At Lil Helper, we think it’s important to celebrate all types of people and families. We are proud to host a diverse group of parents on our blog, so we can all learn from and connect with each other. Today we are sharing Alex’s story - a single parent, and a trans and gay dad. For more great parenting community, check out our Facebook group Lilhelper: Unsnapped.
Read on for Alex’s story.
I’m Alex. I’m a 20 year old parent, a trans and gay dad to my 2 year old son, Gray.
I carried Gray. I hadn’t started my medical transition when I was pregnant. I was out socially, and I knew my child would call me ‘Dad’. I love being called ‘Dad’, and I will constantly fight to be called ‘Dad’. I will fight to get people to understand I am a dad even though I gave birth. For me birthing my son doesn’t make me a mum or dad, it’s how I act and the role I choose to set for my son.
5 main tips for being pregnant and not a woman!
Don’t be afraid to correct people on your pronouns and they way you want to be addressed.
It’s difficult seeing your body change. Remember it’s not forever. It’s only for 9 months.
Set boundaries for what you are and aren’t comfortable with. If you don’t want people to touch your bump, let them know. If you don’t feel comfortable using the word pregnancy, let them know!
It’s ok to feel not ok! During pregnancy lots of hormones change and you can feel like a different person.
Don’t feel forced to explain yourself and your situation! If you don’t feel comfortable explaining that you are pregnant and don’t identify as a woman that is ok. It is your story, explain if you feel comfortable doing so.
More of my story
When Gray was 4 months old, I started my next step in my transition. I saw two different doctors and I traveled across the U.K. to see them. The second doctor I saw prescribed me with testosterone. Gray was 6 months old when I had my first injection and he came with me for all my injections and blood tests.
I became a single parent at the age of 19. It was tough and I think it’s tough for all newly single parents. I felt isolated, being 19 with a 5 month old at home. As time progressed, I started to realize that I really enjoyed being a single parent. I get all the cuddles and all the special moments with my son and the bond we have is amazing.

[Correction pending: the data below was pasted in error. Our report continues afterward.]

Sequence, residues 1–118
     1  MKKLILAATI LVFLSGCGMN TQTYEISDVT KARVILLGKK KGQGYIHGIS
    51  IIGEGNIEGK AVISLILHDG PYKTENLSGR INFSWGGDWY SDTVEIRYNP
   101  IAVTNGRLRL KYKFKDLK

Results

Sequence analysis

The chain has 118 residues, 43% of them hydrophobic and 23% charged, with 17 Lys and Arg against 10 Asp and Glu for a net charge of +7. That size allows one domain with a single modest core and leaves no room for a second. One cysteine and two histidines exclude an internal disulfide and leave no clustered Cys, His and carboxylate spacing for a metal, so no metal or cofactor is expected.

For me and Gray, going to the doctors is a normal occurrence. I have my testosterone injections every 3 weeks and I have blood tests done every 2-3 months.
Being a parent and a trans and gay dad can be isolating. There aren’t many people in the same position. If there is, normally they are in other cities, counties, and even countries. I’ve found so many online friends that we’re all going through the same thing all over the world. It makes you feel like you’re not alone and can talk to someone who knows exactly what it’s like.
My main goal is to provide a happy life for my child regardless of the hate and transphobic people. I started my Instagram @daddy_to_gray to find more people in the same situation as a parent who is trans. I’m so taken back on how many people love hearing my story.
You’re less alone than you might think. What is something you have struggled with as a parent? Share in the comments and let’s all connect and continue to build each other up! We are all in this together. No matter the things that make us different, we just want what is best for our kids.